LONDON (Reuters) - The buyout market for defined benefit company pensions is struggling to get established, with the number and value of deals done in the third quarter down on the previous quarter, according to research by Aon Consulting.
In the three months to the end of September, 60 deals were done with a total value of 239 million pounds — down from the 75 deals done with a total value of 346 million in the second quarter, said Aon in research issued on Monday.
The average value of the schemes bought out remains small too at less than 4 million pounds, said Aon, while take-up has been negligible of innovative deals, such as partial buyout or risk-sharing, designed by players to kickstart the market.
“The levels of business actually placed were disappointing, which is perhaps surprising given the level of hype that has been created,” said Paul Belok, a principal at Aon.
The acquisition of Telent TLNT.L by an investment vehicle controlled by pension fund manager Pension Corporation and the purchase of Thomson Regional Newspapers’ pension fund by Citigroup (C.N) may have stopped some schemes from fully buying out their pension liabilities from an insurer, said Aon.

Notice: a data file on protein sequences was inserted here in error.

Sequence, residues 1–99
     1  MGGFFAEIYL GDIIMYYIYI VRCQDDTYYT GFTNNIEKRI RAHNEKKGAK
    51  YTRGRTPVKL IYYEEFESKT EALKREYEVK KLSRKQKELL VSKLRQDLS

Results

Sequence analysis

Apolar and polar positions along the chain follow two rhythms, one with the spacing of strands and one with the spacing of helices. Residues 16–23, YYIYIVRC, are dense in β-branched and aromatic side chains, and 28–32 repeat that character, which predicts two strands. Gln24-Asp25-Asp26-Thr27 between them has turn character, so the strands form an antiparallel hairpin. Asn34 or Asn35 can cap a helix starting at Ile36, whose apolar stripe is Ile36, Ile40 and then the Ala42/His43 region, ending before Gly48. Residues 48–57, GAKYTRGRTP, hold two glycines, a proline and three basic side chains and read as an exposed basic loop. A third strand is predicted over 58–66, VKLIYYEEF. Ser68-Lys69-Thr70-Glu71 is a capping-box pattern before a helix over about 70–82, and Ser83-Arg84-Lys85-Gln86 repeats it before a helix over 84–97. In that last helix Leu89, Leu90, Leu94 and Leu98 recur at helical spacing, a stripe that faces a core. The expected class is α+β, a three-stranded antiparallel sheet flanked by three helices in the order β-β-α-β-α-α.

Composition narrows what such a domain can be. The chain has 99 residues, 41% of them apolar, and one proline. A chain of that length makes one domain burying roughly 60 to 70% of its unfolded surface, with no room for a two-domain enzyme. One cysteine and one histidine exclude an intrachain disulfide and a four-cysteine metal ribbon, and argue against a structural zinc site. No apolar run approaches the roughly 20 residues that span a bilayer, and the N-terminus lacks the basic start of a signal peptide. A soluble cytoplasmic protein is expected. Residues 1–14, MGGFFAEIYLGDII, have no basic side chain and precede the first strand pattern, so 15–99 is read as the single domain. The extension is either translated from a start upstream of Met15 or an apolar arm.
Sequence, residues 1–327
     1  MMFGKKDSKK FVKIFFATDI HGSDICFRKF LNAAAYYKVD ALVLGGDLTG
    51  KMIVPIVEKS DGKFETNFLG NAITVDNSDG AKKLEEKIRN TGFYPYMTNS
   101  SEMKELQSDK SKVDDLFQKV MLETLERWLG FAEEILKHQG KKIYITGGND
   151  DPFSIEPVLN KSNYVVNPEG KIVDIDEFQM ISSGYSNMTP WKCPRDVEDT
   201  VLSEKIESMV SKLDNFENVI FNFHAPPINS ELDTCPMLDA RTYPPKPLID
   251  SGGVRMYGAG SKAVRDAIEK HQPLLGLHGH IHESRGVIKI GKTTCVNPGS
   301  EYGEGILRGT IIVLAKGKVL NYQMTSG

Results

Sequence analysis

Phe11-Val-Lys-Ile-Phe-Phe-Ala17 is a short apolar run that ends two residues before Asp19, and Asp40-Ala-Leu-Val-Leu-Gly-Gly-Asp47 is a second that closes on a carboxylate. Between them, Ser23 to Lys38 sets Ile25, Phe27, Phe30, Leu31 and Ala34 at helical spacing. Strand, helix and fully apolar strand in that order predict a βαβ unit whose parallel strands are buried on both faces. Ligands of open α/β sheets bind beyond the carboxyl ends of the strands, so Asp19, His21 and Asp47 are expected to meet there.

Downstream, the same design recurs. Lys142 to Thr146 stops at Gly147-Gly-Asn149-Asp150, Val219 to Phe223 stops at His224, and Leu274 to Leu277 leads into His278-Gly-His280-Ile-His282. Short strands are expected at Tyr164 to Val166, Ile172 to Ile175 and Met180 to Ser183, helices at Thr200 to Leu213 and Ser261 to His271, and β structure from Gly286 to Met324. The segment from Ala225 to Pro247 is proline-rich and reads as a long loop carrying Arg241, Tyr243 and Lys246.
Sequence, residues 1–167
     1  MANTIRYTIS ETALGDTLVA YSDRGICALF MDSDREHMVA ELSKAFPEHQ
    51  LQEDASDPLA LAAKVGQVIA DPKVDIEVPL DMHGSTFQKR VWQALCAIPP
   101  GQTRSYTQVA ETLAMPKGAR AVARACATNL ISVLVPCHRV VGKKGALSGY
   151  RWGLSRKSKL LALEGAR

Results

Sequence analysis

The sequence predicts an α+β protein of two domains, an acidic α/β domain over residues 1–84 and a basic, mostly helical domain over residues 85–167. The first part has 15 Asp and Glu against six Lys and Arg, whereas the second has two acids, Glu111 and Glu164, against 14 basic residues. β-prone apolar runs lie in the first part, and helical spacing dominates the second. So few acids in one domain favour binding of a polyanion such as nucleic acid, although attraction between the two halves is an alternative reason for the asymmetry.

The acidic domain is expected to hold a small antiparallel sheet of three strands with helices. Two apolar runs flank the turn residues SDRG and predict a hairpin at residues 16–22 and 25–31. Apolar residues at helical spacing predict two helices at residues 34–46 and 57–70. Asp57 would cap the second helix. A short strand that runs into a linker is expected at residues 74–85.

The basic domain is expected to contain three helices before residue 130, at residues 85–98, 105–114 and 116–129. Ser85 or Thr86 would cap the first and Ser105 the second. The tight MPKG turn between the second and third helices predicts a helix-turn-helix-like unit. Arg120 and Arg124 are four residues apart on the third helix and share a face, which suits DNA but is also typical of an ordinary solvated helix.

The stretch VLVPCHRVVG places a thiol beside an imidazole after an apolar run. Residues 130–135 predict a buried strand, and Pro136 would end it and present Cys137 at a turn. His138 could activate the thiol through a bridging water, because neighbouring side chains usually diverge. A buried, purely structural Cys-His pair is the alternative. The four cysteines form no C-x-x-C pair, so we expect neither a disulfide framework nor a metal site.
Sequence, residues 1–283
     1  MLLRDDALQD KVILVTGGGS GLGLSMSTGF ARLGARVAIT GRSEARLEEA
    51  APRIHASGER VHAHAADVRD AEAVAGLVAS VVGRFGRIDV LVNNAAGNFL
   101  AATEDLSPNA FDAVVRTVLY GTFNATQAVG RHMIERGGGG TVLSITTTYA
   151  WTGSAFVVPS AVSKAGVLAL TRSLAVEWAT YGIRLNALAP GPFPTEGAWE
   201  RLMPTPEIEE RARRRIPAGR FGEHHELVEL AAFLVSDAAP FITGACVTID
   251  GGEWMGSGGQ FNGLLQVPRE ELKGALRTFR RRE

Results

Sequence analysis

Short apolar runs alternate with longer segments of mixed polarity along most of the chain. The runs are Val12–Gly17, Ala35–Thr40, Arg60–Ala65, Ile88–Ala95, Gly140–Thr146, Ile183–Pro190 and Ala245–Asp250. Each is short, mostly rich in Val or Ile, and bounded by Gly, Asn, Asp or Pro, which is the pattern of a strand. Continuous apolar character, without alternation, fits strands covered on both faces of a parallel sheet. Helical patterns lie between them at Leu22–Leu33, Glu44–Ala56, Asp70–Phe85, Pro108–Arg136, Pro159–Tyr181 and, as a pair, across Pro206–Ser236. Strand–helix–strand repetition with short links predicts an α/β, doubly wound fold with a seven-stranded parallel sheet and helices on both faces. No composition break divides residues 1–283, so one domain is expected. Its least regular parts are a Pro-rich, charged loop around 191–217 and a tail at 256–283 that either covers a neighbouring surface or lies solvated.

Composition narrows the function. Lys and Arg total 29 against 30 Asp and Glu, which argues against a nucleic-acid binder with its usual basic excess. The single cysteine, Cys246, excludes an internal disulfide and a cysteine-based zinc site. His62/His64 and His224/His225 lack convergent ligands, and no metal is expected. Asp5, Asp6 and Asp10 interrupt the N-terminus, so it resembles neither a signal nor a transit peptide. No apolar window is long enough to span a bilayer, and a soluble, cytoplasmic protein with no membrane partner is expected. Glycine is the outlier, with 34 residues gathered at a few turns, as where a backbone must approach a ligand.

The Financial Assistance Scheme’s moratorium on scheme buyouts may also have stopped some deals being done, said Aon.
“There is no hiding the fact that the quarter’s results will not be what those in the market will have wanted to see,” said Belok.
The quarterly survey is based on data provided to Aon by the leading players in the buyout market.
On a brighter note for the buyout firms, Aon reported that the number of schemes being quoted on by players has jumped in the third quarter, as has the total value of these schemes.
“Going forward the big question is whether the insurers can now convert the massive pipeline of cases that has been built up,” said Belok.
“It would only need about 5 percent to buy out in the next 12 months for the market to start showing some growth.”
On Tuesday, EMAP plc EMA.L said it had bought out its pension schemes’ liabilities with Paternoster, in a deal involving assets worth around 170 million pounds.
Established insurers Prudential (PRU.L) and Legal & General (LGEN.L) have been joined by start-ups Paternoster, Synesis and Lucida and other giants like Aegon (AEGN.AS) and Aviva (AV.L) in competing for a slice of a market estimated to be worth up to 1 trillion pounds.
Pension liabilities have been a headache for many British firms as changes to accounting standards mean pension deficits are treated like debt on their balance sheets, while new rules have made managing pension schemes more onerous.